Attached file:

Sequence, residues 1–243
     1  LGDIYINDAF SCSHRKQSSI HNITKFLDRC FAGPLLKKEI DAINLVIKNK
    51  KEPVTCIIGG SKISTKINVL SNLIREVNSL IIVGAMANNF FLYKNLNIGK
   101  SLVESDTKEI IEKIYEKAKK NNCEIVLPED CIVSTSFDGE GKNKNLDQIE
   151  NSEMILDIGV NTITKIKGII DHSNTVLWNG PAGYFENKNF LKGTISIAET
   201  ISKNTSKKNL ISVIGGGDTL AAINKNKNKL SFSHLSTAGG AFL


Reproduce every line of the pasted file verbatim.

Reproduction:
Sequence, residues 1–243
     1  LGDIYINDAF SCSHRKQSSI HNITKFLDRC FAGPLLKKEI DAINLVIKNK
    51  KEPVTCIIGG SKISTKINVL SNLIREVNSL IIVGAMANNF FLYKNLNIGK
   101  SLVESDTKEI IEKIYEKAKK NNCEIVLPED CIVSTSFDGE GKNKNLDQIE
   151  NSEMILDIGV NTITKIKGII DHSNTVLWNG PAGYFENKNF LKGTISIAET
   201  ISKNTSKKNL ISVIGGGDTL AAINKNKNKL SFSHLSTAGG AFL